4. Pavel Vishnyakov

    On a side note – your link about Atlas Wristband campaign was a nice trip to the past with app updates screenshots and even a Windows Phone (!) app update screenshot!

  5. DerLordBs

    Slightly off-topic: I am trying the pellethon app plan with my Tacx Neo smart. What is the best way to control the trainer while watching the pelethon classes? The Garmin Edge device or is there a good app for it? How does the pelethon resistance ratings (e.g 80 %) translate to ftp based zones?

  6. joseph meehan

    There goes my dream of an pelton+Garmin+zwift roll up…

    Love the band idea. I’ve secretly been wishing Apple would come out with the “AppleBand” as an alternative to the watch. To let folks who prefer the Garmin/other watch’s still tie into the Apple fitness community. I think a good number of data junkies would love a band that doesn’t distract them all day with notification, emails, etc, but still feeds into the communities.

  7. Mark Cohen

    Not sure there would be much attraction for digital subscribers to buy another watch. I have a Garmin cadence sensor on my Schwinn spinning bike, and I use a Polar OH-1. Both numbers display on the Peloton app on my iPad. I wear my 945 connected to a MyZone chest strap to monitor heart rate zones. It works flawlessly.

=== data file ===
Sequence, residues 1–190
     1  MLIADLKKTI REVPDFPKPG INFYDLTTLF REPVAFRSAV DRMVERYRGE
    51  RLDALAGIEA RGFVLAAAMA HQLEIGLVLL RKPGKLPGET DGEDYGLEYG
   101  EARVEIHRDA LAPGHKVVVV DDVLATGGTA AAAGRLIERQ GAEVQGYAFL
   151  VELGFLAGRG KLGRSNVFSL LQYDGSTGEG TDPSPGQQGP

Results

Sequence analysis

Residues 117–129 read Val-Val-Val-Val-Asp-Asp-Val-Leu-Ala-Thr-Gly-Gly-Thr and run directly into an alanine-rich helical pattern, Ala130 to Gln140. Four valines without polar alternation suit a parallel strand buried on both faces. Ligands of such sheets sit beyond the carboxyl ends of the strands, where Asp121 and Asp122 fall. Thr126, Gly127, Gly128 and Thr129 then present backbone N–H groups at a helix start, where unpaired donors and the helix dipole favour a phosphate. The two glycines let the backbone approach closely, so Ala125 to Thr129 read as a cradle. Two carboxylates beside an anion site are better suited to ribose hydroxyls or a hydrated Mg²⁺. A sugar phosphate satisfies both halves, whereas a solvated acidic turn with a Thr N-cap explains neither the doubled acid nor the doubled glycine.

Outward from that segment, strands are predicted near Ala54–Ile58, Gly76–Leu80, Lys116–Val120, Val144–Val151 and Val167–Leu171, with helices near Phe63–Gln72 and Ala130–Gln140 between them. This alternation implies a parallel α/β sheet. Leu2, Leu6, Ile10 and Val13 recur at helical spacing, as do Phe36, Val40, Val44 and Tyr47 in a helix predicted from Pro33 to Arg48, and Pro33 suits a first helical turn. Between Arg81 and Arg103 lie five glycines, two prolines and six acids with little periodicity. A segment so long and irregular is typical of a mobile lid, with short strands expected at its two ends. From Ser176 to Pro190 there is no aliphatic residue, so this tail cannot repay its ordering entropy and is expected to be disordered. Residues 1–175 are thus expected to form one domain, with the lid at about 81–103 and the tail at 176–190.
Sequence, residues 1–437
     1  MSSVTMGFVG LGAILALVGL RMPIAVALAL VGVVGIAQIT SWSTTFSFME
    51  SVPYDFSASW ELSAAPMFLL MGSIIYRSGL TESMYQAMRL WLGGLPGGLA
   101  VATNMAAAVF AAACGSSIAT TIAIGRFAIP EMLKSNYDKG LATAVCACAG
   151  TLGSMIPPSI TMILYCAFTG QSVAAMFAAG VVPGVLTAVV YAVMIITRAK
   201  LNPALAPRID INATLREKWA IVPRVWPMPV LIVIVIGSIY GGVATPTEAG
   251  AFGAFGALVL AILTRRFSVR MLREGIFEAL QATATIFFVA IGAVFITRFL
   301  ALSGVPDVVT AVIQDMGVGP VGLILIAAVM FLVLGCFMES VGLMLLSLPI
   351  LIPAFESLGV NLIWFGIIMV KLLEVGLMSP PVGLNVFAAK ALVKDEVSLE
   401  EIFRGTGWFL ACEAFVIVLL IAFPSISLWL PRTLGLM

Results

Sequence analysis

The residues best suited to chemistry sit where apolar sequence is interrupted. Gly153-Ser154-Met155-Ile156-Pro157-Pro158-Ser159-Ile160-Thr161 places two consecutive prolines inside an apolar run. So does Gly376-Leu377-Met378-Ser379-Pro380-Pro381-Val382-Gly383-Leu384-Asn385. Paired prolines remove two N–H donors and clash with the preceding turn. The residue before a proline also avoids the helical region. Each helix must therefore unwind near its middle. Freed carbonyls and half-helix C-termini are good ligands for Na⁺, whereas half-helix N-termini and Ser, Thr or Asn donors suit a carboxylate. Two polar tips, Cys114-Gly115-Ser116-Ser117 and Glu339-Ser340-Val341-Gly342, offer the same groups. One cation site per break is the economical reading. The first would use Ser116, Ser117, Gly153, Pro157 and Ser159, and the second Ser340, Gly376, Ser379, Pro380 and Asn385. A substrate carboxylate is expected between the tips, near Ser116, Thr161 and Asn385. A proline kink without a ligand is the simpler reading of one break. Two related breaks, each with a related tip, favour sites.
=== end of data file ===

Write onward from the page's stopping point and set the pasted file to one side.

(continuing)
• I agree for a ‘watch’ – very low chance of converting digital app people.

      However for a wearable band, I think the attraction is much like Whoop – whereby people still wear regular watches on the other wrist.

  8. pavlinux

    Peloton, Atlas, Otari, … Who is it?!?! 😀

  9. Lee

    I’d love an Apple or Peloton wareable, especially one that is more discreet (and more accurate, obviously) than my Whoop. I still wear a traditional watch in non-exercise settings, so my ability to have an all-day tracker that doesn’t have another screen and that still works in a business casual (non-COVID) setting is pretty limited. If Garmin could develop a ring, or Oura provide more Whoop-like features, I would be in. Or if Apple or Peloton come up with something that is akin to an original Fitbit or Jawbone in size, I think there would also be a market. I agree, Ray, that if Peloton is able to market its wareable as the HR device to use with its bike (sell it as a package, and market some additional features beyond the HR such that it’s a viable upgrade over the strap) or the app, there is a market here.

  10. Rob

    Looks like you may have missed a couple of other acquisitions –

    Precor
    Otari Studio (creators of the Otari Mat)
    Aiqudo
    Peerfit